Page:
Battle is where skills are honed, and where the weak is separated from their wretched existence. The board is where it is all laid out, and where the strategies are proven. The initiative is the motivation, and those motivated not to die take killing more lightly. In the world of Neuroshima Hex the world is a board, and life is a battle. Whatever you do, don’t take any win for a given. In a turn an initiative can change, and all your strategic cunning goes out the window.
Neuroshima Hex is a board game translated onto the small screen. Turn based battle between two to four factions. For each turn up to three tiles are randomly drawn. One of these has to be discarded right away giving you one to two tiles to play. These are units and unit effects you can place on the board, direct action such as sniping an enemy, movement of a unit or HQ, and initiate battle. When you have done your moves such as placing units you end your turn. Battle is only initiated when the battle tile is played or the board is full.
Battle is based on initiative, and each unit has a number from one to three. The higher initiative units acts first, and it is possible to wipe away a lot of enemies by placing units well. Furthermore there are other tiles that affect the units such as giving them extra hit points, higher initiative and greater attack power. For initiative zero the HQ of each faction involved get to strike back against enemies within one square reach on the board.
The game ends when only one HQ is left alive or there are no more tiles to draw. The final turn is a final battle, and often the game is decided on that last fateful move. There is of course a bit of luck involved in what tiles you draw when, but it never feels that way. To me it feels that a loss is due to the enemy playing better or me not following my strategy.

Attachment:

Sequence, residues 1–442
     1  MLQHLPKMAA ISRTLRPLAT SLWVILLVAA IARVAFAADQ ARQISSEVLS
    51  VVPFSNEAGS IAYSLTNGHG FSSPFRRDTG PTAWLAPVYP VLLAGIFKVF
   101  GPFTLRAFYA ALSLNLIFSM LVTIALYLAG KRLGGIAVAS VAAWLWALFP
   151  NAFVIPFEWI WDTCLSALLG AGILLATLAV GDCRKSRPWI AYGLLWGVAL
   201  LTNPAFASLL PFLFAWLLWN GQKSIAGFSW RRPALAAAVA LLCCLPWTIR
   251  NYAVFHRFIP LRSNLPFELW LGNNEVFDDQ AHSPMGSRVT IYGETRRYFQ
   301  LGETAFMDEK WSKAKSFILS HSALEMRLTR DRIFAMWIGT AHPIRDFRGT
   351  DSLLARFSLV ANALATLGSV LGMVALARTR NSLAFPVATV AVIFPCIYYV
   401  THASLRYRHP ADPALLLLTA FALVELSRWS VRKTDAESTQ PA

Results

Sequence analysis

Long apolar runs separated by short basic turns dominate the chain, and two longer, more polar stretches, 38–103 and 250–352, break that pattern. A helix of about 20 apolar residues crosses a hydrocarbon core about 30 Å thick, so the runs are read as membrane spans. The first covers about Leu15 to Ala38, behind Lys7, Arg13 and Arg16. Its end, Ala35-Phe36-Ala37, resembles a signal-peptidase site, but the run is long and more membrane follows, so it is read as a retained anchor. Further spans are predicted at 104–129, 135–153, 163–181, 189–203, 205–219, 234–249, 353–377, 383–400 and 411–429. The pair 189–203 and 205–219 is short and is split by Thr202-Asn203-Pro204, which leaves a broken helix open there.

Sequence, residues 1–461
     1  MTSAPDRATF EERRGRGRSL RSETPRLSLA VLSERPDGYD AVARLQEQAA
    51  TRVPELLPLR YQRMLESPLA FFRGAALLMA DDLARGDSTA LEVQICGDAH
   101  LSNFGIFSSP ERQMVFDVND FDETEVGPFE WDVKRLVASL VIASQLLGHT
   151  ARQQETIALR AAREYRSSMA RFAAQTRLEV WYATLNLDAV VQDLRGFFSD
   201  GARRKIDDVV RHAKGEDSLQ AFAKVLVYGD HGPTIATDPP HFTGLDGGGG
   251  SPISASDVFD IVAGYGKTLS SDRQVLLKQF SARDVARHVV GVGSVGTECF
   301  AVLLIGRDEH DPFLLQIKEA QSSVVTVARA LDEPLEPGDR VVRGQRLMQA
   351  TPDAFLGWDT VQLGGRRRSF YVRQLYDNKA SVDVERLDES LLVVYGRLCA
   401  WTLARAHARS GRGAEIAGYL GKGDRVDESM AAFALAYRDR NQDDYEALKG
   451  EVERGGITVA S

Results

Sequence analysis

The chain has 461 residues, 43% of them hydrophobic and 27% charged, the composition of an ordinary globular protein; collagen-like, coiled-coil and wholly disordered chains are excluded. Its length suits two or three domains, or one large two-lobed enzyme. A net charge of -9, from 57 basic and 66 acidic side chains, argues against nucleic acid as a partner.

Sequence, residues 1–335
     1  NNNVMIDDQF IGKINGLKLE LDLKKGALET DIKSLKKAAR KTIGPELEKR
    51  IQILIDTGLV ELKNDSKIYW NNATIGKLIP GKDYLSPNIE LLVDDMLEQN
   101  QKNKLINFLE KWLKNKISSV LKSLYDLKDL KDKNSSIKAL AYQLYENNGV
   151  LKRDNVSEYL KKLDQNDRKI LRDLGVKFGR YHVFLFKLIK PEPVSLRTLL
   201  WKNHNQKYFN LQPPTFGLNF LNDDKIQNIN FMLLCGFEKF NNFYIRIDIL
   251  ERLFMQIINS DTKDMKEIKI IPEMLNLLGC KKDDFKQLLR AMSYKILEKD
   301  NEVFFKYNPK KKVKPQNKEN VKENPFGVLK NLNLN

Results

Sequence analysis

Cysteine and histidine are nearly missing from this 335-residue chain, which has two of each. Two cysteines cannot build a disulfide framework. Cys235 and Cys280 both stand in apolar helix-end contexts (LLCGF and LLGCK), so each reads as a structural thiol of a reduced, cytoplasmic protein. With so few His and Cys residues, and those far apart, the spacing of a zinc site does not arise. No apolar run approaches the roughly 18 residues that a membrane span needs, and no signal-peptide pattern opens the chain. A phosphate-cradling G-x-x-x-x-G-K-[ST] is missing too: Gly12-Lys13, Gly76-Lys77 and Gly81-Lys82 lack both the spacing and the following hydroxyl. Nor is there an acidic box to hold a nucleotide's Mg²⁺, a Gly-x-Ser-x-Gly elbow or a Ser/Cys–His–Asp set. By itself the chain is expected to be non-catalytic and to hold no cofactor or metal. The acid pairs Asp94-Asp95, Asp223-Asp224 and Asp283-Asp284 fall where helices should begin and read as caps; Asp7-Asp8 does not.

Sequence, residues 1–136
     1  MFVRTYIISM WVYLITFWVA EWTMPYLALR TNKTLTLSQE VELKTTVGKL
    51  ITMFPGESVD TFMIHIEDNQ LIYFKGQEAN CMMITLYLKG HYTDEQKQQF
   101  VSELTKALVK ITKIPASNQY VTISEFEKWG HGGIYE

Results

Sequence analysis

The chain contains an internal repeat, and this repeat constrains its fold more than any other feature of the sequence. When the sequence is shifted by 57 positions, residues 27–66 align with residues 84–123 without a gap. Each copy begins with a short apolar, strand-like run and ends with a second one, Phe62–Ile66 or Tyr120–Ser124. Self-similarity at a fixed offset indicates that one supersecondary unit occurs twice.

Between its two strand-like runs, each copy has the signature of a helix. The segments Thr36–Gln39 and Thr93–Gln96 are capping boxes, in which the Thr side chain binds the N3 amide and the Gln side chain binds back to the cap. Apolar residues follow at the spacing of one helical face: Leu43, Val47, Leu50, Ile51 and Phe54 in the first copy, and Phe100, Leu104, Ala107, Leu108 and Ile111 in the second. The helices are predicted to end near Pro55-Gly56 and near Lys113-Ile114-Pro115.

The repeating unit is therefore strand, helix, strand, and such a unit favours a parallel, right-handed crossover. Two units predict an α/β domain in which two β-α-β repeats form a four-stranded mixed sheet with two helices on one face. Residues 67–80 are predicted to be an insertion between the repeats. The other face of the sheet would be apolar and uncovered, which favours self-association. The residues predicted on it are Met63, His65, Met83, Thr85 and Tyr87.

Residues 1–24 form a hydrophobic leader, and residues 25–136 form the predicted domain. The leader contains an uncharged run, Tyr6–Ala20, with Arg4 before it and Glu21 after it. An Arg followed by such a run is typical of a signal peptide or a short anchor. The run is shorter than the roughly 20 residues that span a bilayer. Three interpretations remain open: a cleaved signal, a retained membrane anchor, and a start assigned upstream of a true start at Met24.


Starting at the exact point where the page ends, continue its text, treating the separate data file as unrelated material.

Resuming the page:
Neuroshima Hex feels much like playing a combo of Button Men and Carcassone. The controls are spot on, and it is easy to rotate and place tiles. The speed up button for each initiative in battle is great. The AI is fairly quick making moves as well, and a match can take somewhere between two and ten minutes.
The presentation is polished with easy to read tiles with cool looking units. The background is post apocalypse themed with great attention to detail. The music could have been a theme for any of the Terminator movies with some slow dark techno. Sound effects are suitable to the game. A video tutorial shows how to play, and is great for getting into the game. Playing a couple of matches is all it takes to start kicking easy AI butt. In quick game you only tee off against one AI player. In custom game up to four human players can wage war. Alone against three AI players every move is crucial no matter what skill level the AI is on.
This could have been a five-star game, but in the end there are some things sorely missing. For one there is no online functionality, and this would have been a great game to play online like Carcassone. Furthermore there is no stats tracking for single player games. To me this would have been a simple feature to include to allow me to see my progression. I would of course also love to see a campaign or daily challenges where you get a set tile collection.
I completely adore Neuroshima Hex, and find it as addictive as Peggle. It is great fun to see strategies pan out, and exciting to foil the enemy’s plans. With great production values the board game has been translated to perfection. Now I only hope for an update including stats, online multiplayer and score to excel this to the very top of my personal list.
Neuroshima Hex $2.99
Seller: Big Daddy´s Creations
Tested on an iPhone 4.